Holiday
    Regressor
    Parameter estimate (percentage impact)
    t-statistic

    Easter overlap with LFS reference period
    Easter Monday
    -11.9%
    -33.2
    Easter Monday, Good Friday
    -18.8%
    -48.1
    Good Friday
    -6.5%
    -15.5
    January start date of Labour Force Survey
    New year’s day
    -7.1%
    -13.2
    Summer holiday
    -1.6%
    -11.9
    Queen’s birthday
    June
    -4.2%
    -12.1
    Australia day
    February
    -6.3%
    -14.2
    School holidays
    October
    -8.2%
    -10.6
    September
    -8.8%
    -7.4
    May
    -6.6%
    -5.2
    July
    -4.0%
    -4.3

    Note: If the absolute value of the t-statistic is higher than a critical value of approximately 2.0 then this effect is statistically significant (at the 95% level) relative to the variation expected of such estimates.
    Figure 2 shows boxplots of the irregular component after seasonal adjustment for the monthly time series for the previous holiday corrections and the proposed holiday corrections grouped by month. Boxplots can be used to show the location and spread of the data and to indicate any extreme points (highlighted as circles outside the box). The median of the data is presented as a straight line within the box while the box shows the limits of the middle half of the data. Figure 2 shows that the volatility of the irregulars of each month is reduced with the implementation of the new holiday corrections. This is especially clear in the months of January and April which are affected by the January start date of the LFS and Easter holidays respectively.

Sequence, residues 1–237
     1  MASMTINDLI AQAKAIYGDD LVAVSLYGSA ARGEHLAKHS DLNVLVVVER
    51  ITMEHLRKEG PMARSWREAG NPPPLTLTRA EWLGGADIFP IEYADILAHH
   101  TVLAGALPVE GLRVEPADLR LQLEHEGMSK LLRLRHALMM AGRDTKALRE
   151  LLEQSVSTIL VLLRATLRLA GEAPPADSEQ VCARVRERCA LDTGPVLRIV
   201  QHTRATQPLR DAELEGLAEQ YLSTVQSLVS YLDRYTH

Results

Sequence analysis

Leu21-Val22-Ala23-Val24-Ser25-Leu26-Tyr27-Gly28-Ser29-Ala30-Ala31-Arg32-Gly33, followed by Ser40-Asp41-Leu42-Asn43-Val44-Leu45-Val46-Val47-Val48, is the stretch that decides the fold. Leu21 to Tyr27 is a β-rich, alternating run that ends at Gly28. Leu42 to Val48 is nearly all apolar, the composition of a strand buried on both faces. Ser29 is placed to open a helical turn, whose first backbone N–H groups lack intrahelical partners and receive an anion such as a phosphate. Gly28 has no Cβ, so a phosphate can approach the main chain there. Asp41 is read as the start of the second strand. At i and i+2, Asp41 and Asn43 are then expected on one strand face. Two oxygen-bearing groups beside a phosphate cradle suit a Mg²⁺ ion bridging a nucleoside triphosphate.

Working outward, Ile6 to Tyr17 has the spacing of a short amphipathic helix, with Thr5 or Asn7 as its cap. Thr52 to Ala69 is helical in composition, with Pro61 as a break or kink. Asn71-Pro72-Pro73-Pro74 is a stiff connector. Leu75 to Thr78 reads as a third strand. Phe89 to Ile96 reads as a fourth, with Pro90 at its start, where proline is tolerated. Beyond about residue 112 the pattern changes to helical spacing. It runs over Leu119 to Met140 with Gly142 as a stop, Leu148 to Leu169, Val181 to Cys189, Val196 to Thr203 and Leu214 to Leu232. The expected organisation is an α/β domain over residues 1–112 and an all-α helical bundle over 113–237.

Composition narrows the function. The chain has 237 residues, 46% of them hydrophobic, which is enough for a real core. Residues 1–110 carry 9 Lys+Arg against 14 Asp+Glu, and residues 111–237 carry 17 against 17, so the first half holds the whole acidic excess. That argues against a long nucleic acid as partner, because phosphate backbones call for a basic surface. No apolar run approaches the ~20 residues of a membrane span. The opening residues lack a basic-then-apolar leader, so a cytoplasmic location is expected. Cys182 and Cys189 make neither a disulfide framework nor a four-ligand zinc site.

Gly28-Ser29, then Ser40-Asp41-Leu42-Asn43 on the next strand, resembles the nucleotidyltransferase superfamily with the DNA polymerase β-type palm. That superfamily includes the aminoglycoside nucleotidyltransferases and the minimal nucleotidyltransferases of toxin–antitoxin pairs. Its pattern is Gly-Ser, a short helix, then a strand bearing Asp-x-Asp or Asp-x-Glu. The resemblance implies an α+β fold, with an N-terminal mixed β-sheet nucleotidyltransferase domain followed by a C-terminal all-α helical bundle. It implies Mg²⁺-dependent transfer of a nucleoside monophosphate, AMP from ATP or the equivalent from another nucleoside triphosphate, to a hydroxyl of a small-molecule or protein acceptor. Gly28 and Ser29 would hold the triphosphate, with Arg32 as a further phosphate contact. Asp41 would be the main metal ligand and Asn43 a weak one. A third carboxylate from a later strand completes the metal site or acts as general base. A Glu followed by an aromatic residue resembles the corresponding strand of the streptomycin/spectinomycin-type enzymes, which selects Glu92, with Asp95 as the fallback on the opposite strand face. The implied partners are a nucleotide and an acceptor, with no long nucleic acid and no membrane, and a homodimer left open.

Quality measures can also be used to show that the use of the regressors improved the quality of the series. For example, the Average Absolute Percentage Change (AAPC) of the estimates under the two different approaches can be calculated. A large number for the AAPC will indicate a high level of volatility. Table 2 shows the AAPC values for the original, trend and irregular estimates. The larger the AAPC for the irregular, the more the irregular component is likely to dominate movements in the seasonally adjusted series, which implies greater revisions to the seasonally adjusted and trend series. Table 2 illustrates that the proposed holiday corrections applied to the monthly time series for hours worked results in considerably reduced volatility for the monthly estimates.
    FIGURE 2: BOXPLOTS COMPARING VOLATILITY IN MONTHS PREVIOUS AND PROPOSED HOLIDAY CORRECTIONS

    Graphs - Boxplots comparing volatility in months previous and proposed holiday correction for a period of a year

    TABLE 2. AVERAGE ABSOLUTE PERCENTAGE CHANGE (AAPC) COMPARISON OF PREVIOUS AND PROPOSED HOLIDAY CORRECTED ESTIMATES